It is Time to End the Myth that Dropping the Atomic Bomb Ended the War

In your July 16th article, “Atomic Bomb Test Marks 70th Birthday Amid Fallout,” Duane Hughes, retired physicist, says the “history of the Trinity test is important because it helped end World War II and set the stage for a Cold War arms race.”  No doubt the testing and use of atomic bombs set the stage for the Cold War arms race, but that we needed to drop the bombs to end the war is an ongoing American myth that needs to end now.

When the US broke the Japanese code, the US government was aware that on July 13, 1945, Japan had contacted the Soviet Union to express its desire to surrender and end the war. President Truman was aware three months before he ordered the bombing of Hiroshima and Nagasaki, that, according to Swiss and Portuguese sources, the Japanese government, knowing they could not win and wanted to begin the process of surrendering. The one thing the Japanese wanted was to retain the emperor.  Presidential advisor, Jimmy Byrnes, convinced Truman that dropping the bombs would allow the US to dictate the terms to end the war and let the Soviets and the world know we had the “bomb.”

What was the reaction of America’s top military leaders who led the allies to victory?  General Douglas Macarthur, commander of the allied forces in the Far East during the war, stated he was never even consulted about using the bomb against Japan.  According to Norman Cousins, consultant to MacArthur during the occupation of Japan, MacArthur stated that had he been consulted, he would have said that he saw no military justification for using the bomb and that if the US would simply have agreed to allow the emperor to stay the war might have been over weeks earlier.

General Eisenhower, when briefed on the atomic bomb tests in New Mexico and of their planned use against Japan, expressed his belief that there was no need to use the bomb because Japan was already defeated, and that the US should not shock the world by the use of a weapon that was no longer necessary to save American lives. General “Hap” Arnold, commander of the Army Air Corps, and General Omar Bradley shared Eisenhower’s opinion.  Perhaps one of the strongest critics against using the bomb was Admiral Leahy, Chief of Staff to both FDR and Truman. Leahy said, “It is my opinion that the use of this barbarous weapon at Hiroshima and Nagasaki was of no material assistance in our war against Japan.” In Leahy’s opinion by dropping the bombs on Hiroshima and Nagasaki, “we had adopted an ethical standard common to the barbarians of the Dark Ages.” Even former President Herbert Hoover weighed in telling Truman in May 1945, the if he were President he would, “make a shortwave broadcast to the people of Japan-tell them they can have their Emperor if they surrender, that it will not mean unconditional surrender except for the militarist-you’ll get a peace with Japan-you’ll have both wars over.”  In spite of this considered and widespread opposition by senior military officials who prosecuted the war and from a former president, Truman ordered Hiroshima and Nagasaki be bombed. On August 9 the atomic bomb was dropped on Nagasaki and when the Japanese government did surrender, they were permitted to keep the emperor.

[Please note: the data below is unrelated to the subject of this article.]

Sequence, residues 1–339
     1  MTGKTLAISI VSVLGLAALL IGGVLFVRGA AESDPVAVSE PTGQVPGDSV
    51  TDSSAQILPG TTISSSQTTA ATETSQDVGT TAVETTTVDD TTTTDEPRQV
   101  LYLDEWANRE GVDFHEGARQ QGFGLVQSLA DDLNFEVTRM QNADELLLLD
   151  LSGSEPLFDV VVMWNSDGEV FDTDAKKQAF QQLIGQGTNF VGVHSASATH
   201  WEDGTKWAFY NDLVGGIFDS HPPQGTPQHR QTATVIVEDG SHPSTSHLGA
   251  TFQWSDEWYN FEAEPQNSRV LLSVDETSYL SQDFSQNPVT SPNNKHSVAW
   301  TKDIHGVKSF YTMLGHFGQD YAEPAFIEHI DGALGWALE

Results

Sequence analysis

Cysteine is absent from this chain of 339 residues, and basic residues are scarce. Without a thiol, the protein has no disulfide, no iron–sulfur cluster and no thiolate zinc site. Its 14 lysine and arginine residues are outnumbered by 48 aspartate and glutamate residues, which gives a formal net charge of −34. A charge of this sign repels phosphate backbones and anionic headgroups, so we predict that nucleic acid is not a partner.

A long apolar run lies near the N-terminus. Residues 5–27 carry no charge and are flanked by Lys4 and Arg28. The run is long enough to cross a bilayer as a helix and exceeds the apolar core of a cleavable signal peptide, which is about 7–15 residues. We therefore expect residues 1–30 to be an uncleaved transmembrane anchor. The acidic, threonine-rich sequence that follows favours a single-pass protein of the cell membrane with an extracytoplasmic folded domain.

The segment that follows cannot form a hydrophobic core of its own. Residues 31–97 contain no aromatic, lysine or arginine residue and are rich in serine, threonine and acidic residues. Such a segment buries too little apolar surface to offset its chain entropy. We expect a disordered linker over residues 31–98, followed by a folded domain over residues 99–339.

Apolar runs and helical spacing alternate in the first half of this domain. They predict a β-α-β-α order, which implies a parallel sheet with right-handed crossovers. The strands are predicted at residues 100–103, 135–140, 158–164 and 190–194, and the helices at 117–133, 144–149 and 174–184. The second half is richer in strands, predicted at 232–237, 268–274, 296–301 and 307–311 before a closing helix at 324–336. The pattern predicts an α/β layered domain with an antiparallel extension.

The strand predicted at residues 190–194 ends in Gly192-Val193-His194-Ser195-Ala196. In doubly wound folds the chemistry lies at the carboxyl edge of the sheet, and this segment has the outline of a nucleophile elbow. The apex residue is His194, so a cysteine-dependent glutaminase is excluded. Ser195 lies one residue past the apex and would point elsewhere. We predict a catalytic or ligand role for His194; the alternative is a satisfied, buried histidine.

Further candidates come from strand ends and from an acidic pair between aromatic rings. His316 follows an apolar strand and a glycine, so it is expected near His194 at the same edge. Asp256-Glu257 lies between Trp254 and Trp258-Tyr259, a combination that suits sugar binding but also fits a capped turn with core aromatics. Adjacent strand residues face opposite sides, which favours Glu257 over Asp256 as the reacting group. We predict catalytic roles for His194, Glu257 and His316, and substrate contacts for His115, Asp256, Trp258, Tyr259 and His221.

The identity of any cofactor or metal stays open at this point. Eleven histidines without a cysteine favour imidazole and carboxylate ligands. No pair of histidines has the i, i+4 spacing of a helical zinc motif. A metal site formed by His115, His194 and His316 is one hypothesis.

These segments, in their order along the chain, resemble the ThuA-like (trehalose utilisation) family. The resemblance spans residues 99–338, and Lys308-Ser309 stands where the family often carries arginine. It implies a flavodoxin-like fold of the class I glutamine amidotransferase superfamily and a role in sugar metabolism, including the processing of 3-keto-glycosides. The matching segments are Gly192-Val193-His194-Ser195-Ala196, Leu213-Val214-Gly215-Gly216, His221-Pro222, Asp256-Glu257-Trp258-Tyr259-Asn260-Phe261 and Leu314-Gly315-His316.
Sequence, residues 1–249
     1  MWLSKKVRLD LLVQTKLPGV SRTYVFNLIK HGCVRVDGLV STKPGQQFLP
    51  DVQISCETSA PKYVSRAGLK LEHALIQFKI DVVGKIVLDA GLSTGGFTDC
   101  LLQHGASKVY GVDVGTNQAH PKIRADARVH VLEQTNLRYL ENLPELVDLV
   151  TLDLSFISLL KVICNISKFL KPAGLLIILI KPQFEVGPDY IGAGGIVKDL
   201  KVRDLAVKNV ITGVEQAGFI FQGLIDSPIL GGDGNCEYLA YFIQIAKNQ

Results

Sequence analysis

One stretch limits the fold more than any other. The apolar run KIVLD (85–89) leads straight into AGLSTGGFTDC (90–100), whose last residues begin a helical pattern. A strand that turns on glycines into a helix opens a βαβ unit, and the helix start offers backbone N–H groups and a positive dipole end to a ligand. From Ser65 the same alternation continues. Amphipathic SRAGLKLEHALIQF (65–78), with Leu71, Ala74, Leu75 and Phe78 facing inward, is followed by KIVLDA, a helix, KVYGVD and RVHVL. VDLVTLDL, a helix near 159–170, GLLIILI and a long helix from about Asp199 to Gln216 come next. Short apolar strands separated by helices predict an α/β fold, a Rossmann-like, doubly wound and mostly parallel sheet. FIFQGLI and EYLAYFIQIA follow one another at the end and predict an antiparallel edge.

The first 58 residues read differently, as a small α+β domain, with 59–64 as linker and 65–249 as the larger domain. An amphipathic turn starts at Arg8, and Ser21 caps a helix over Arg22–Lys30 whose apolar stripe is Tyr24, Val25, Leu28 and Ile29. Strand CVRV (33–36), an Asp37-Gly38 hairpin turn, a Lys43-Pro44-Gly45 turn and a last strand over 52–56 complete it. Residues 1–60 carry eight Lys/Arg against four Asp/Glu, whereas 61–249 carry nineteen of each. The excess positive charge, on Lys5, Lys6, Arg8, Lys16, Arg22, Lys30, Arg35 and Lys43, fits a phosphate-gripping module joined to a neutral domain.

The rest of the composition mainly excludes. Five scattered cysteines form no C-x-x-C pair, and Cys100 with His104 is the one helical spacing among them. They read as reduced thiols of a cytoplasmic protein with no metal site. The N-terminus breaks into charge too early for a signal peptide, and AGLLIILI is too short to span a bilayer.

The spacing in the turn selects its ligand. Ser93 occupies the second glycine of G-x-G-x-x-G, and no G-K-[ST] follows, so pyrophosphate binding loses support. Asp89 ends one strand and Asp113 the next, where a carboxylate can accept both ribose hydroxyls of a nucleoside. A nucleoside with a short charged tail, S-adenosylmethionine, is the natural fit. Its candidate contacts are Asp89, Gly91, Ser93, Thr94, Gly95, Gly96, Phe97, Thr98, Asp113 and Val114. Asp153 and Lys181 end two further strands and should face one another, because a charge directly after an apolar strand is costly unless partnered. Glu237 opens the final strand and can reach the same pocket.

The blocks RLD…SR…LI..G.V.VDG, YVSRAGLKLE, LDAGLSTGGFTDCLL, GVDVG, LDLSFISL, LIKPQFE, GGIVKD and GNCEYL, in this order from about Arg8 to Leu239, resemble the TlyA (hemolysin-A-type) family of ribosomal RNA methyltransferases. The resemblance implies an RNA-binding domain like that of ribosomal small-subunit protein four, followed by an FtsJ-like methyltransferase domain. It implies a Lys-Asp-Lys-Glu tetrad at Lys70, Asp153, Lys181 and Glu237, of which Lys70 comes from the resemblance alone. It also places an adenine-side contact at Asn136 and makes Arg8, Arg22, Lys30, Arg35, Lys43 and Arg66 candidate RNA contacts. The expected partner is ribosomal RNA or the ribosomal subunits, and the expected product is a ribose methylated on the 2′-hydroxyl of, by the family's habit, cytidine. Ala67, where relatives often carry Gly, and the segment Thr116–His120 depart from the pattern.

Hiding behind the myth may make it easier to accept the fact that we used these diabolical weapons in a senseless slaughter of hundreds of thousands of people.  There is perhaps a reason why the US government has not leveled with the American people. If the people continue to believe that the use of the A bombs was necessary to end the war and saved the lives, of perhaps, a million members of the armed forces than their use seems justified and will make it easier for the government to make its case that there is a legitimate use for these cataclysmic weapons.

Let’s end the myth and accept responsibility for what our nation did.

Barry Ladendorf, Board of Directors, Veterans For Peace


For more, check out Peter Kuznick expand on this myth and more. Kuznick is Professor of History and Director of the Nuclear Studies Institute at American University

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